A Breath of Wings

This poem at albits seems to me to describe the ways of a butterfly better than anything I’ve ever read. I used the word capture instead of describe at first, but that word sounds too violent for what the poet has accomplished, in engaging respectfully with such an otherworldly and mysterious fellow creature.

Recently I listened to Antonio López talk about what it means to have a technological perspective on our world. He self-consciously follows the thought of George P. Grant in noting that just by being inhabitants of this culture we live in, we tend to absorb and display a somewhat fragmented and fragmenting attitude toward the people and things around us, failing to see them as whole beings, seeing everything as “piles of stuff” that we may use or manipulate or control at will. He wants us to see the connectedness of everything, and to respect the interiority of each creature, and “let be.”

Some have said that for a writer, “everything is material,” meaning, everything we see, whatever happens to us throughout our days, appears to us as something to write about, something we long to distill into words so that we can know it better and share it with other humans.

It occurs to me that to have this attitude as my first impulse may be an example of this less than fully human, technological perspective; I immediately impose my thoughts and presuppositions on the thing or person before me. But that habit works against my deeper and purer self. If I want to be fully present with the world, with the people and things in it, I need to restrain my mind’s impulsive and constant forming of sentences, at least long enough to let my heart meet the heart of the “other,” and know communion.

Perhaps that is what this poet was able to do when he met a butterfly. It would explain how he was able to catch, not just the first thoughts that came to mind, but this divine vision to share with us.

A BREATH OF WINGS

Walking out with the trash
I saw a butterfly flash by

In a wink and a bright splash
Of light. It made me wish

The yard were lined in rich
Leafy plants that might catch

Her eye in the search for a place
To settle. How could I guess

That she’d choose a blank wedge
Of sidewalk next to my garage

Where grey concrete met brick
And no perch seemed attractive

To a breath from delicate wings.
That’s how I saw her, as a trick

Of nature: two fans of gauze
Waving crazily in the evening air,

Nothing more, nothing else there
But color that seemed to disappear

As she lit. What remained was a stick
On the ground with a flat brown flag:

The wings had closed up tight.
Was she taking a nap, I thought,

Or holding her breath in fear
Of me standing there, a sag

In my face, the blank mind caught,
Transfixed in a magical nowhere

Between this–and the next–flight.

-Albert Salsich

I like the way the sentences sometimes don’t match the lines of the couplets exactly, so that the rhythm of the poem mimics the way a butterfly swoops and flutters, “waving crazily,” and then surprises you when it comes to an abrupt stop on a flower or a sidewalk. It is a good one to read aloud.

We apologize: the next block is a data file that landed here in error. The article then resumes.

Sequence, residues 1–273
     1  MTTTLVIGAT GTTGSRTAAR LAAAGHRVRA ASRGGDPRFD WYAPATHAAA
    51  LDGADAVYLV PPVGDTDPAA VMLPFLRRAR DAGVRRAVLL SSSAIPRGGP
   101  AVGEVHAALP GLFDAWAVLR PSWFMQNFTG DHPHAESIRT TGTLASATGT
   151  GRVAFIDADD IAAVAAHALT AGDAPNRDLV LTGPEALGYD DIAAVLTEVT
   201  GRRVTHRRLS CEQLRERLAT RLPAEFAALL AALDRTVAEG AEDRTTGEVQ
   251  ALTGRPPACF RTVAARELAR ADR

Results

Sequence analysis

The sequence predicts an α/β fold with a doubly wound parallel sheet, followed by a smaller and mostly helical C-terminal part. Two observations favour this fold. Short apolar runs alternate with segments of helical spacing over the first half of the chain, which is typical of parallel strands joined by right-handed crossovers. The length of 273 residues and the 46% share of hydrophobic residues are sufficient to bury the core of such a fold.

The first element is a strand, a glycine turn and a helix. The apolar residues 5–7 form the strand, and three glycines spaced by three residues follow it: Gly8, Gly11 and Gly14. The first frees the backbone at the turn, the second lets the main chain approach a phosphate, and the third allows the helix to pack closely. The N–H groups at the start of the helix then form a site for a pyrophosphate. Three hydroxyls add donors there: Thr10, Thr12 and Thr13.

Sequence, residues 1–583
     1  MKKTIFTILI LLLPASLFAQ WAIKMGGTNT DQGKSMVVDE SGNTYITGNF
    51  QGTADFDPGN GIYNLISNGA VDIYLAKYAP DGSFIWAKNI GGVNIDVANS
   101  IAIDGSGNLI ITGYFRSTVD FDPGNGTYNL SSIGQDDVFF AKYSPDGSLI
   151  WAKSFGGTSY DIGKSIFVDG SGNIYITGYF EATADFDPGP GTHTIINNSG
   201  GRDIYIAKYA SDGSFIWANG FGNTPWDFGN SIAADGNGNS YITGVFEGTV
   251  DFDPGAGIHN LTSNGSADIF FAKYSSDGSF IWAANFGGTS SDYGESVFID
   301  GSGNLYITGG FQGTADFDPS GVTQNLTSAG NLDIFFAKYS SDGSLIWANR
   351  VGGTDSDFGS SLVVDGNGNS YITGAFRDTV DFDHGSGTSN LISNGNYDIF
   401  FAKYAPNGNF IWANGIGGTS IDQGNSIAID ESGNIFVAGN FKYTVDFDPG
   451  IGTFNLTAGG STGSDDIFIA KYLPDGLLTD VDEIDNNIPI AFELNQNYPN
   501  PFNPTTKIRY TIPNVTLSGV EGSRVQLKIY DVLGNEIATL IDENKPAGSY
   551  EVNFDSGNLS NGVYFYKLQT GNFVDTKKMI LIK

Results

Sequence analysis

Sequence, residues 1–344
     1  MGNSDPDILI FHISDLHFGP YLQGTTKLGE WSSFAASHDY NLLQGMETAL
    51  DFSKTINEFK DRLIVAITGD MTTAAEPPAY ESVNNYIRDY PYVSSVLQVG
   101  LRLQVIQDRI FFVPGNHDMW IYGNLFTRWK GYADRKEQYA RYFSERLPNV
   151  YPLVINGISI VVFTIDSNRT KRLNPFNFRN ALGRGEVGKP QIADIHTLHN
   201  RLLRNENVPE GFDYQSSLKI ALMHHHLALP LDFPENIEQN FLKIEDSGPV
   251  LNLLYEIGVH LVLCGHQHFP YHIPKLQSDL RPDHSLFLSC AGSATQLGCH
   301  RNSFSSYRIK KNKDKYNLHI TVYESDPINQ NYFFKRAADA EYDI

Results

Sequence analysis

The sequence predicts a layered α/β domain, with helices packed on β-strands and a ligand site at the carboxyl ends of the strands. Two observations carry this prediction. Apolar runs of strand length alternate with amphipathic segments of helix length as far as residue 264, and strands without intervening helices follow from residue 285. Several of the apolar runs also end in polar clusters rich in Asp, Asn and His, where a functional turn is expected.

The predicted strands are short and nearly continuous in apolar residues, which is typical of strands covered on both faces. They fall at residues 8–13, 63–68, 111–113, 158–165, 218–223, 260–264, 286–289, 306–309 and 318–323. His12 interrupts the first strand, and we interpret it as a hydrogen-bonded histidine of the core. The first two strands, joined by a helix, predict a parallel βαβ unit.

The beholding of a butterfly was a gift of grace to the poet, and through his labor of love I’ve been doubly blessed: Through this vicarious meeting I have an expanded appreciation of butterflies, and also the joy of encountering an uplifting poem. I’m afraid to say much more about all the words — I did once write on words for this insect — and the form of the poem because I will get carried away in enthusiastic speculation and wonder, and never make it outside to look at more butterflies.

I hope you all might see a butterfly today!

butterfly-9-16-16

8 thoughts on “A Breath of Wings

  1. My son, Josh, has a Facebook album full of photos of butterflies, caterpillars and other spectacular bugs that land on their front porch in rural Kentucky. I’m constantly amazed at the variety of creatures God has made! And it’s nice to see that my son has retained a childlike curiosity and fascination about these little miracles. 🙂

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  2. Love! Just yesterday I saw a butterfly on the grapevine. I haven’t seen it before and still need to look it up. I managed to take a picture of it, but I haven’t had a chance yet to see if it came out. Here’s to hoping it does!

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  3. I like this post…a lot… I do. Yes, the mantra that “everything is material” or as it is often stated, “everything is copy” could interfere with ever so much living.

    Such interesting poems you find and share. Thank you.

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  4. I think I may have seen a Monarch today — the first of the migration. These lines really caught me:

    “What remained was a stick
    On the ground with a flat brown flag…”

    There’s a butterfly here that looks like a dry, brown leaf when it’s at rest. I’ll see if I can find the photo of it in my files tomorrow.

    Liked by 1 person

  5. My next-door-neighbor grandkids are always on the look out for butterflies, nets in hands. They’ve become very attentive and smart about them. It thrills my heart that they are so in tune with nature surrounding them.

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